Earlier this year, McCarthy introduced the Spurring Private Aerospace Competitiveness and Entrepreneurship (SPACE) Act of 2015. The measure extends the learning period for commercial human spaceflight, which limits the ability of the Federal Aviation Administration to regulate the industry. It also extends an legal regime under which industry and government share liability for third-party damages caused by commercial launches.
The SPACE Act is now being reconciled with a similar measure passed in the Senate.
WASHINGTON, D.C. (House Science Commnittee Leadeship) – House Science, Space, and Technology Committee Chairman Lamar Smith (R-Texas) today joined House Majority Leader Kevin McCarthy (R-Calif.) in praising passage of H.R. 2262, the Spurring Private Aerospace Competitiveness and Entrepreneurship Act of 2015 or SPACE Act. Almost 50 Democrats joined Republicans to pass the bill with broad bipartisan support, 284-133.
House Majority Leader Kevin McCarthy: “America has always led because it’s in our nature to lead. We crossed over the mountains of the Appalachians and into the Great Plains. We climbed the Rockies to the golden coast of California and beyond, creating a nation in this land that has far surpassed all others in truth, hope, and liberty. We are a beacon of freedom and human dignity to every person that longs for the right to choose their own future. And we are a force for good unlike anything this world has ever known.
“And yet, in space, we are losing our ability to lead. We once stood up to the challenge of the Soviet’s Sputnik and made it to the moon, but today, our astronauts use Russian rockets and other nations are working to put people on Mars and beyond.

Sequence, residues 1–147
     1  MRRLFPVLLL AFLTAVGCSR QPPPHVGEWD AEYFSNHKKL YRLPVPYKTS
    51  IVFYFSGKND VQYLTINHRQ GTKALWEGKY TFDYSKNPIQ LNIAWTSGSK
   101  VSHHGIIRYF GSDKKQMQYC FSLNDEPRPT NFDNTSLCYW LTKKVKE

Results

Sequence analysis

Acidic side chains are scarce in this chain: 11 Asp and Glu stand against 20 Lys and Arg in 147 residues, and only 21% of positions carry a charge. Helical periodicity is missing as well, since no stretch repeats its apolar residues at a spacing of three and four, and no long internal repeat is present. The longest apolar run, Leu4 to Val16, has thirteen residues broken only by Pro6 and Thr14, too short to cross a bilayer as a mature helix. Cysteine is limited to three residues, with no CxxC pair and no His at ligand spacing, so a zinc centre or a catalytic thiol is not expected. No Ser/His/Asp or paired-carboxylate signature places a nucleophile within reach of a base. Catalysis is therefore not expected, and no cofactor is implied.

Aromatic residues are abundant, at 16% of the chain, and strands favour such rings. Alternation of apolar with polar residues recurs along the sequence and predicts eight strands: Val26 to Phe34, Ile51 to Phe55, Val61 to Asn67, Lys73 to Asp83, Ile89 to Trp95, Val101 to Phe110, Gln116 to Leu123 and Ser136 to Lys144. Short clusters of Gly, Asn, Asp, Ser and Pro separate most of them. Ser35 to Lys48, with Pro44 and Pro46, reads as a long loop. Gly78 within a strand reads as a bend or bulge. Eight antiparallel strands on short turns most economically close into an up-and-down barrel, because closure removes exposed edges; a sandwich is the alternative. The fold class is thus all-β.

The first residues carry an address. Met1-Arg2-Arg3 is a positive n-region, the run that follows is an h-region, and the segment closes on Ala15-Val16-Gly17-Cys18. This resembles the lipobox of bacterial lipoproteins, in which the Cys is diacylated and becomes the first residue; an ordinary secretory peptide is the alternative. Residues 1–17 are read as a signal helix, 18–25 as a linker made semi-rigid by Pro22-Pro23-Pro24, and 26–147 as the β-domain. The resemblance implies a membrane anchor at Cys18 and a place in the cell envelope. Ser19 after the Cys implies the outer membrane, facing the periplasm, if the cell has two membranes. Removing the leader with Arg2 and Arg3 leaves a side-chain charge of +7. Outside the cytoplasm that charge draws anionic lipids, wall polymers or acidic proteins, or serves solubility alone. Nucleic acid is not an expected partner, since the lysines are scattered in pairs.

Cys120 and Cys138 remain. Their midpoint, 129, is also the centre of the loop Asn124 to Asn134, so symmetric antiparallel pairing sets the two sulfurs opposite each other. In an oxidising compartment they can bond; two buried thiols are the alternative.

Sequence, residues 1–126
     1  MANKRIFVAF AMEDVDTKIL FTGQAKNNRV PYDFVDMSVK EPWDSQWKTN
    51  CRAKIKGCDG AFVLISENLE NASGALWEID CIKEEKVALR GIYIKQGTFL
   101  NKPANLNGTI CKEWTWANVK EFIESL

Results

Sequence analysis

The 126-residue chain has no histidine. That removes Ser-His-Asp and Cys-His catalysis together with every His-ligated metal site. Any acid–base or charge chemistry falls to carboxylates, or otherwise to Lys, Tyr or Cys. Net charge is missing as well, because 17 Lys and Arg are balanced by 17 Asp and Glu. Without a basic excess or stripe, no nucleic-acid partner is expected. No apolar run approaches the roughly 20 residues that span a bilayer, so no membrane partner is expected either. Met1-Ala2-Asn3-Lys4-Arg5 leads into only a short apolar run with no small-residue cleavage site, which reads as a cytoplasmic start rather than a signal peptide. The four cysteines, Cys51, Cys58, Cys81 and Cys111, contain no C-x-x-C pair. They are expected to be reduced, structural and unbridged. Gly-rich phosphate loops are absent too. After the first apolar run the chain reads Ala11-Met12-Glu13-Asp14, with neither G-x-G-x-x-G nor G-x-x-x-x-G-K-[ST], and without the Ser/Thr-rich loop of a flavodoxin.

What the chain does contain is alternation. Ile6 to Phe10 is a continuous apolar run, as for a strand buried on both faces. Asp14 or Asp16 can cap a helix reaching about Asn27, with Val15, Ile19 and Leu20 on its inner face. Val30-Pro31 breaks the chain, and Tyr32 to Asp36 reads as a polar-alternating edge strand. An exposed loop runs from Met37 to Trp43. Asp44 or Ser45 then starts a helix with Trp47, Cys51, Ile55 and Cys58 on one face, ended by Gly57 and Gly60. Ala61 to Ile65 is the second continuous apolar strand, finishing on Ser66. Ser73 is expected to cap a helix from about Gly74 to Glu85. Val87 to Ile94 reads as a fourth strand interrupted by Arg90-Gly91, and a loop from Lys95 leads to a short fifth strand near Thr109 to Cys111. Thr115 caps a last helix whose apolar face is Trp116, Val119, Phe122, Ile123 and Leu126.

“But we must go beyond. We must face the great unknown with that American spirit of adventure and hope. To paraphrase President Kennedy, we must lead mankind into space not because it is easy, but because it is hard and because that goal brings out the very best of our nation. …
The commercial space industry had a great day on Capitol Hill on Wednesday, with the Republican-controlled House Science Committee giving it most of what it wanted while swatting away proposed changes from the minority Democrats.
Among the goodies approved by the committee: a decade-long extension of the moratorium on regulating commercial human spaceflight; a nine-year extension of industry-government cost sharing for damages caused by launch accidents; and an act that would give companies property rights to materials they mine from asteroids.
The House Science Committee is set to mark up legislation on Wednesday introduced by Rep. Kevin McCarthy (R-CA) that would extend the commercial spaceflight learning period for another eight years while requiring a series of progress reports on safety from the Federal Aviation Administration.
The proposed extension to the end of 2023 is three years longer than one in a measure introduced in the Senate. The FAA’s Office of Commercial Spaceflight (FAA AST) wants the moratorium on regulating the industry to expire as scheduled at the end of September.
McCarthy’s Spurring Private Aerospace Competitiveness and Entrepreneurship Act of 2015 (or SPACE Act of 2015) also contains several other key provisions, including the extension of launch liability indemnification cost sharing provisions and a rule change that would allow companies to hold experimental permits and launch licenses simultaneously.
Virgin Galactic’s application for a launch license for SpaceShipTwo has been on hold since January while legislators in Washington attempt to fix a quirk in the Federal Aviation Administration’s regulations governing licenses and experimental permits, the company said.
The specific issue involves a provision in the law that makes an experimental permit invalid once a launch license is issued for a vehicle, according to Will Pomerantz, Virgin Galactic’s vice president for special projects. Flight testing of SpaceShipTwo and its WhiteKnightTwo mother ship is continuing at the Mojave Air and Space Port in California.